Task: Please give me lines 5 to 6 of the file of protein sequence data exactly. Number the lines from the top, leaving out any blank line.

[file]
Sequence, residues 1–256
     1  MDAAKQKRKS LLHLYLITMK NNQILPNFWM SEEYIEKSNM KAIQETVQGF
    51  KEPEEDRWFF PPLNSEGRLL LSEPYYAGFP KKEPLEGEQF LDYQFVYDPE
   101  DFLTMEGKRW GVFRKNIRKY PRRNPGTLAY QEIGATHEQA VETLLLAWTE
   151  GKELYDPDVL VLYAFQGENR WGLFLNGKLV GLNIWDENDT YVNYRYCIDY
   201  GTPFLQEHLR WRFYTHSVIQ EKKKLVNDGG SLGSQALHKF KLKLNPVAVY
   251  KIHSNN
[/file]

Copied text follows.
   151  GKELYDPDVL VLYAFQGENR WGLFLNGKLV GLNIWDENDT YVNYRYCIDY
   201  GTPFLQEHLR WRFYTHSVIQ EKKKLVNDGG SLGSQALHKF KLKLNPVAVY